What a wonderfully piquant contrast this concert gave us – the Brahms German Requiem followed by Captain Noah and his Floating Zoo. Yet in both, after passages of melancholy reflection, of turbulence and stress, at the end all is well and we can rest in peace.

The Requiem is a demanding sing. It is a work of differing colours and emotions, but it has a unity which binds the seven movements together in a way unique to Brahms. It also brings together soloists and choir in a musical framework which provides an opportunity for changing textures.

Conductor Nigel Perrin got it just right. With an innate understanding of the music which allowed the choir flexibility while remaining responsive to the ebb and flow and the changing moods of the text.

After a beautifully balanced introduction, they moved confidently into All Flesh is Grass, the dynamic contrast powerful and subdued. I particularly enjoyed How lovely are Thy Tabernacles, the best known of the choruses and the final Blessed are the Dead, which ends the Requiem with a confident C major fugue.

It was an immensely satisfying performance, the tempi finely judged and the tonal balance and dynamic carefully distinguished.

Simon Trist’s warm baritone provided exactly the right foil for the Choir and Leah Jackson, after a slightly tentative start, blossomed into a lyrical flowing soprano sound with a lovely quality in the high register. It was a splendidly integrated and fulfilling reading of this great piece, with Marcus Sealy and Nick Thorne providing an immaculate piano duet accompaniment.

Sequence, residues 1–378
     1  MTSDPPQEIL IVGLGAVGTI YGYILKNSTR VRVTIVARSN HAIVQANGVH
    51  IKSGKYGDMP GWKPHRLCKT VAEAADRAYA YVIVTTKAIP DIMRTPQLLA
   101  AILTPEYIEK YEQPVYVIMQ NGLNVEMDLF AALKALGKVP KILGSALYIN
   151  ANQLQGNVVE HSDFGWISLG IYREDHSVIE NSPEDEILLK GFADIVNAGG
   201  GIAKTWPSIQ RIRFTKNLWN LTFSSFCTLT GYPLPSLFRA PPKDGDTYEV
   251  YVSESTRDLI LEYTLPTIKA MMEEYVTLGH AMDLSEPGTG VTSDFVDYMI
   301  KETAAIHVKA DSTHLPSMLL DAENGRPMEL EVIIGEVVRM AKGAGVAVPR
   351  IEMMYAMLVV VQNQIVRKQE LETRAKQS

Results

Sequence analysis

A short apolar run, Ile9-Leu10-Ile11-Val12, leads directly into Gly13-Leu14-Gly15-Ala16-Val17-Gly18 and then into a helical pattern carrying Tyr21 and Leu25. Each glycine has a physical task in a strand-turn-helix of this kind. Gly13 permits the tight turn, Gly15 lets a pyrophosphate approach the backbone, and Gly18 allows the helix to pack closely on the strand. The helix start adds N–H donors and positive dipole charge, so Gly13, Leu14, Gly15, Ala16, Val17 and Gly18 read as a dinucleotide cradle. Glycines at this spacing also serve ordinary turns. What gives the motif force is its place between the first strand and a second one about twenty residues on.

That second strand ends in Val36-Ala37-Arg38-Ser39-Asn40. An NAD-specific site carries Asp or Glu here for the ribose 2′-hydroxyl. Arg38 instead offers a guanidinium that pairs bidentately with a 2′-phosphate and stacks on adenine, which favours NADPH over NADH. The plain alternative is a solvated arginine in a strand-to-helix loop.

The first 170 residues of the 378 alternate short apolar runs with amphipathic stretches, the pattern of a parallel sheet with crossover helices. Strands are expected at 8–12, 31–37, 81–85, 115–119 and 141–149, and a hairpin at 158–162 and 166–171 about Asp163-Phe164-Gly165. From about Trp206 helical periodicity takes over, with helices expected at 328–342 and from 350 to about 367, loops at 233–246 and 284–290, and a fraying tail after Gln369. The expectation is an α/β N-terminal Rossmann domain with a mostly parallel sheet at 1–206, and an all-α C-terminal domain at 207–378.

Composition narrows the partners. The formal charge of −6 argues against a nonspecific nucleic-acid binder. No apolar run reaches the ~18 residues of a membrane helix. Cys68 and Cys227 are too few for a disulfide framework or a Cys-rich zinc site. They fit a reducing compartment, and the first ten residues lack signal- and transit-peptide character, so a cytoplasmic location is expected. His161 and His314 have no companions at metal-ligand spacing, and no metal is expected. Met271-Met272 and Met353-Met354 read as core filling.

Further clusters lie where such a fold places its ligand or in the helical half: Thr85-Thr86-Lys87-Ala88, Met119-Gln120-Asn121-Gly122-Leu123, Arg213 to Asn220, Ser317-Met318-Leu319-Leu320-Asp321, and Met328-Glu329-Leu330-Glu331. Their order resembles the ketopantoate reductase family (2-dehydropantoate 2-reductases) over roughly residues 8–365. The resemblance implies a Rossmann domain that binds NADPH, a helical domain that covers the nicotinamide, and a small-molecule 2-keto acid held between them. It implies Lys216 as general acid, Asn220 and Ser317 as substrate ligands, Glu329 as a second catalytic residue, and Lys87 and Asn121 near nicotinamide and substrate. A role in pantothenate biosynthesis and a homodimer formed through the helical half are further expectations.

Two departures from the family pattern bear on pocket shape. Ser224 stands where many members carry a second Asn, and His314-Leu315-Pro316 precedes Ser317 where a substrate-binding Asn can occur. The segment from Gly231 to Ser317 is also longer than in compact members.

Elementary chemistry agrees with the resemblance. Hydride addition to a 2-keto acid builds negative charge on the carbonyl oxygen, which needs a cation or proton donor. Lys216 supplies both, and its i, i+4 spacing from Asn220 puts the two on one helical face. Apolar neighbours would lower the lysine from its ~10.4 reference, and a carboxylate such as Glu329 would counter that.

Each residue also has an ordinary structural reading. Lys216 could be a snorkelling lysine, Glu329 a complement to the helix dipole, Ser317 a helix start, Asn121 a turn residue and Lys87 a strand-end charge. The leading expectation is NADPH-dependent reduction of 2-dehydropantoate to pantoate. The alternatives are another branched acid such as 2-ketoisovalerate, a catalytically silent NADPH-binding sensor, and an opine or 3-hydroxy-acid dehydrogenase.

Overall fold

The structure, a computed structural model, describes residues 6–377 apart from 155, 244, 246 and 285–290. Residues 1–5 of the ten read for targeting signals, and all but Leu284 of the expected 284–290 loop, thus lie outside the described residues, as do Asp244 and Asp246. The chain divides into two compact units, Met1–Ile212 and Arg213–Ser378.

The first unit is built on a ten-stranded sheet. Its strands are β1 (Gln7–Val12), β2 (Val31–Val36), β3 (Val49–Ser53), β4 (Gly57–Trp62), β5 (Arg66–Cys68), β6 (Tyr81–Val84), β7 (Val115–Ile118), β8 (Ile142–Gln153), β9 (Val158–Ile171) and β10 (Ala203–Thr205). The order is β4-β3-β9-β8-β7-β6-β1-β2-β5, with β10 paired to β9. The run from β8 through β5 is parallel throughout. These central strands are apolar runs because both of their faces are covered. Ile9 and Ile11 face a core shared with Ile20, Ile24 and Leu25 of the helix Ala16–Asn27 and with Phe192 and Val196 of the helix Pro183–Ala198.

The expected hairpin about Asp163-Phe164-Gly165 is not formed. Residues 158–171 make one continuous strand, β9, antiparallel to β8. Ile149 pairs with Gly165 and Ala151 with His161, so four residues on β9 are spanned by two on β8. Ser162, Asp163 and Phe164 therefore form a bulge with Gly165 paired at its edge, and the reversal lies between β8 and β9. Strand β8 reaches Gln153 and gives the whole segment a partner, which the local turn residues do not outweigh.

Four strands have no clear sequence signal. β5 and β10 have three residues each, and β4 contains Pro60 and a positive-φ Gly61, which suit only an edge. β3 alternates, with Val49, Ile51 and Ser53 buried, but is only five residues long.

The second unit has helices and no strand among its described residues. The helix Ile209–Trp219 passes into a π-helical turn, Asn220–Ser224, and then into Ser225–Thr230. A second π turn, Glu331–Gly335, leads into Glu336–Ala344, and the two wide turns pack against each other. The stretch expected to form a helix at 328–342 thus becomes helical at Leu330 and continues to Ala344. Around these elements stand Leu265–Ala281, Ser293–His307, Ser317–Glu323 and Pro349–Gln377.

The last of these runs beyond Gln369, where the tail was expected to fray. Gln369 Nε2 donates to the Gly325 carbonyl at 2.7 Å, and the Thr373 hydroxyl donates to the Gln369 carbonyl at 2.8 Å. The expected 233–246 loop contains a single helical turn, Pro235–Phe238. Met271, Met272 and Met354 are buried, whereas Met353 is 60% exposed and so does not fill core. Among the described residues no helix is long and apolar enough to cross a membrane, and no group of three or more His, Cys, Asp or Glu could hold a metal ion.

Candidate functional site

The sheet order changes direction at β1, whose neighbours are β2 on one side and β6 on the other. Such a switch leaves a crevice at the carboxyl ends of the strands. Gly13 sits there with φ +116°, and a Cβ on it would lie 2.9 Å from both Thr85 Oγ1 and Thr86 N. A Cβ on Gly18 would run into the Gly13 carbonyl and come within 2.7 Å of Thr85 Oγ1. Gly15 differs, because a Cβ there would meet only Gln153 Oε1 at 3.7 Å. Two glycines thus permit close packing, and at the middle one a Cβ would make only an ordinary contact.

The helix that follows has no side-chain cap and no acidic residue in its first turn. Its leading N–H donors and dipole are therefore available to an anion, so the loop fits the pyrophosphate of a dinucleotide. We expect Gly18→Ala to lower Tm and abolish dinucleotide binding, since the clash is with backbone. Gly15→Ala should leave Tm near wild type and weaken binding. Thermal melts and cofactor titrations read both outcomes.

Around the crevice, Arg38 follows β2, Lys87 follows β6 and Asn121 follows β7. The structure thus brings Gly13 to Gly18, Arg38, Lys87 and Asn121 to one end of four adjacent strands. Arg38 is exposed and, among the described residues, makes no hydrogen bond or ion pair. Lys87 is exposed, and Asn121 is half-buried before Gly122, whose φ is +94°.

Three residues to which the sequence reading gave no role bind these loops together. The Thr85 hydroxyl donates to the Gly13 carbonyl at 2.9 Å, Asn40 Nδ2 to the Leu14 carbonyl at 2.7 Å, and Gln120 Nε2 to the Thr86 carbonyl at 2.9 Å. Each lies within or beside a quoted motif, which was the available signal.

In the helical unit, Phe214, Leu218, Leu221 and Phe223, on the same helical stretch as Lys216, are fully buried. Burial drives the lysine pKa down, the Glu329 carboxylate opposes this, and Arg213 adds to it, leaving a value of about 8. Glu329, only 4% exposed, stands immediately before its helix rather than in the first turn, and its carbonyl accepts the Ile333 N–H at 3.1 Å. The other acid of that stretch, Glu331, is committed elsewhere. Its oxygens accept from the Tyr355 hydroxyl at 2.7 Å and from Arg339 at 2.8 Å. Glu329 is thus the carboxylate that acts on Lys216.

Captain Noah was a joy. Horovitz’s music and Flanders’ words are brilliantly combined and the Junior Choir, conducted by Adrienne Hale, took it to their hearts – and ours – discreetly and very capably supported by their seniors, clad in wellies and carrying umbrellas.

We had solos from Joseph Colman-Deveney, Megan Buxton, Sophie McDermott, Gemma Roper, Elvin Luff and Alice Perkins. Simon Trist was God. And did it ever rain. But then God promised that there would be no more rain, just all the colours of the rainbow. So everyone could leave the Ark and go out into the evening sunshine for their picnics after a great evening’s music making.

Peter Lloyd Williams
Bath Chronicle 24 June 2010